“If I wanted to gamble, I’d fly to Vegas,” says Rick Barry, whose Eastbourne Capital Management and its principals invested $5 million in BlackLight after what he describes as “detailed” due dilligence by him and PacifiCorp. “I don’t think the risk [with Mills] is science fraud. It’s can he engineer a device and can he protect his intellectual property? I thought we were safe on the latter until this started to unfold.”

Along with PacifiCorp, electric utility Conectiv has invested in BlackLight. Tyco International inherited a sliver stake in the company through its purchase of Amp Incorporated, a leading producer of electrical connectors. Individual backers are among the Who’s Who of the business establishment. They include a former chairman of Morgan Stanley and a former president of PaineWebber. Board members include Dr. Shelby Brewer, a former top Department of Energy nuclear official, and Aris Melissaratos, former director of Westinghouse’s Science and Technology Center.

So while BlackLight doesn’t have the resources of the entire physics establishment, it has more pull than most start-ups. Its travails at the patent office have even attracted attention on Capitol Hill.

Responding to evidence presented by allies of BlackLight, senators Ron Wyden of Oregon and Max Cleland of Georgia say they want to know if an American Physical Society colleague of Park’s at the State Department messed with Mills’s application. One indication of outside influence noted by BlackLight attorney Jeffrey Melcher was that the patent office says it had lost the file when it ruled on the chemistry application. “That’s not normal for an agency,” says a Senate source. “If there’s no record, how can you make a decision?”

The source says there may have been some improper contact by outside influences with patent officials, and points to Park’s APS associate Dr. Peter Zimmerman, chief arms-control scientist at the State Department. Zimmerman boasted in an abstract for an upcoming APS lecture that “my own Department and the Patent Office have fought back with success” against “pseudoscientists,” but didn’t name his targets. His abstract railed against, among other things, inventors of “hydrinos.”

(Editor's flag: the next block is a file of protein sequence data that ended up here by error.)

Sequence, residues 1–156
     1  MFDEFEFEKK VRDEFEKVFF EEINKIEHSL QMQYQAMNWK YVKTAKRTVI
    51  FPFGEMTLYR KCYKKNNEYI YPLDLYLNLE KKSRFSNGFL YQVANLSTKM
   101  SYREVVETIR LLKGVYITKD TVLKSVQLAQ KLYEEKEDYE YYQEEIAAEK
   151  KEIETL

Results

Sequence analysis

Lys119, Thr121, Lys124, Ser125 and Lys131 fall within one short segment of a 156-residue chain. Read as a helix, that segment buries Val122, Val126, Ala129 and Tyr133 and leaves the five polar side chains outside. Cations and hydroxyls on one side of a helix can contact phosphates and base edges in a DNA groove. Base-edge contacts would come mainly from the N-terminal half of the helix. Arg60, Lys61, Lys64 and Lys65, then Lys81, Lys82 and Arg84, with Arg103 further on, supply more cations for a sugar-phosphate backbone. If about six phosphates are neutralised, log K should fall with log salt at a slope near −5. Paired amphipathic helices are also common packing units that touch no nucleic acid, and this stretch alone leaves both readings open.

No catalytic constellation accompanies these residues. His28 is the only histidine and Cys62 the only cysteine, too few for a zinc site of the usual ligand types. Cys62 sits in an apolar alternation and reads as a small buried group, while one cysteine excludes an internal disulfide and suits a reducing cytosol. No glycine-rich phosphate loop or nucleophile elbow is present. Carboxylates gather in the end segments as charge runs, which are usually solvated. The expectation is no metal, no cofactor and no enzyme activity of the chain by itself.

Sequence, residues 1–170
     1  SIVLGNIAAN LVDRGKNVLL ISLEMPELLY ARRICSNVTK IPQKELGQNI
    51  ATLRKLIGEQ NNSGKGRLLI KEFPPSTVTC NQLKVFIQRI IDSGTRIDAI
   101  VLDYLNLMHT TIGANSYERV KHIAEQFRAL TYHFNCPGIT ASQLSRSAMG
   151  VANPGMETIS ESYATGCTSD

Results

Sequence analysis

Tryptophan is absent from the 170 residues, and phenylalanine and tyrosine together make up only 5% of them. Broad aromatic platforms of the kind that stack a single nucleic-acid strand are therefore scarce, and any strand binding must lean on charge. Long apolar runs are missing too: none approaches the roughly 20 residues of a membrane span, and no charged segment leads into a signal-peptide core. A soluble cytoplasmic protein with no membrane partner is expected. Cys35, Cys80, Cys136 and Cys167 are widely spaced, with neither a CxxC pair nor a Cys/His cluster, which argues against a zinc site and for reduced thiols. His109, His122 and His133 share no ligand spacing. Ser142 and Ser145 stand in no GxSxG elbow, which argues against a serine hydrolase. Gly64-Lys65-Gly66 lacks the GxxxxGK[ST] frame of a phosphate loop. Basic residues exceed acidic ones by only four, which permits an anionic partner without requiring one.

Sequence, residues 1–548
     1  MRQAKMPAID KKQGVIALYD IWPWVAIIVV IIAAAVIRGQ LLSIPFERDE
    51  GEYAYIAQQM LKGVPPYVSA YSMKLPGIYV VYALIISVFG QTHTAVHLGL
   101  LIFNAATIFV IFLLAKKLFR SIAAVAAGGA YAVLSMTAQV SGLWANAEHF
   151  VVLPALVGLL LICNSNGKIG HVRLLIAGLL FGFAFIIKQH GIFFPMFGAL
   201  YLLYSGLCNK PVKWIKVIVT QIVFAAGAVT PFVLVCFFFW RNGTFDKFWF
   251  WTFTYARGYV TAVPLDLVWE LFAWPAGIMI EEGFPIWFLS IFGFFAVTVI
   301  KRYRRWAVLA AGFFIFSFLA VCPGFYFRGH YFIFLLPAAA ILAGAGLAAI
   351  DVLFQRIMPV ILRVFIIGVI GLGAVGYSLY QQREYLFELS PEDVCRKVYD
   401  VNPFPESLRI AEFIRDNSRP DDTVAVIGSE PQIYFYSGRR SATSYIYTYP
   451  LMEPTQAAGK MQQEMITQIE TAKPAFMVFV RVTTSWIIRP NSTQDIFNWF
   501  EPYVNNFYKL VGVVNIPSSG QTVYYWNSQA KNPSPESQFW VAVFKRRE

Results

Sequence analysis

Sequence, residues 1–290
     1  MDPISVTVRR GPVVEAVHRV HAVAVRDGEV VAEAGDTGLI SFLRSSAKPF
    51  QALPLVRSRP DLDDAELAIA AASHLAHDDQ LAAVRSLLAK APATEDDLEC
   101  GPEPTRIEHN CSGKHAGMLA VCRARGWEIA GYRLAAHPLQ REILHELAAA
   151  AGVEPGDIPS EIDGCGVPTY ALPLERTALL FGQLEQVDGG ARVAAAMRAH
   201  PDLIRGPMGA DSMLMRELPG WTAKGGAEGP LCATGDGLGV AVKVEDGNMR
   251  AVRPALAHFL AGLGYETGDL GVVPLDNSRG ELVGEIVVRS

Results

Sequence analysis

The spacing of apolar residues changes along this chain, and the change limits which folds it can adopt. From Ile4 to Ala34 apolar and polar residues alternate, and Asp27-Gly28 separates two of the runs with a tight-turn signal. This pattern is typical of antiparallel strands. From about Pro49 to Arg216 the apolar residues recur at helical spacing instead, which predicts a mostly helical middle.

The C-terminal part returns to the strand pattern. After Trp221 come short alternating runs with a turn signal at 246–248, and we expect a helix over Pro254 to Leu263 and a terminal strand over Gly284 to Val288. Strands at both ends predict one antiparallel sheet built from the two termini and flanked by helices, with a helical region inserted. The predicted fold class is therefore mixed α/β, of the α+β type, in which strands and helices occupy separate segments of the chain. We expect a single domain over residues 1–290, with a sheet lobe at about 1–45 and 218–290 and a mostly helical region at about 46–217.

A State Department official, who declined to be identified, said Zimmerman’s abstract, which has since been removed, was missing a disclaimer explaining that he was speaking only as a private citizen. The official added that department employees are not allowed to use their titles outside of their official capacities. “The topic is totally outside our purview and mandate,” the official said. “His views did not reflect those of the State Department.”

Park and Zimmerman have certainly affected patent-office affairs before. Patent Examiner Tom Valone was invited by the State Department to organize an April 1999 Conference on Free Energy to explore alternatives to fossil fuels, many of which were controversial. Zimmerman told an APS gathering that Park asked him to put a stop to it.

“The week before I was to start [at the State Department] Bob [Park] sends me an e-mail, in which he tells me in some detail about the Conference on Free Energy under the sponsorship of the Secretary of State’s Open Forum. It says, ‘Pete, if you can’t get that killed, what’s the point of having you at the State Department?’ ”

The conference was evicted from the State Department auditorium and then from the Department of Commerce.

Park says he then called “an investigative reporter” who writes for Science, suggesting he look into the patent office. The reporter, APS physicist David Voss, wrote a scathing article in the magazine’s May 21 1999 issue describing Valone’s personal interest in novel theories, while acknowledging he never approved patents with questionable backing. Nonetheless, Valone says the report contributed to his dismissal.

Mills has his own battles to wage. “We intend to fight this all the way to the Supreme Court,” he says, “and enlist whatever resources it takes in Congress and industry to rightfully win this.”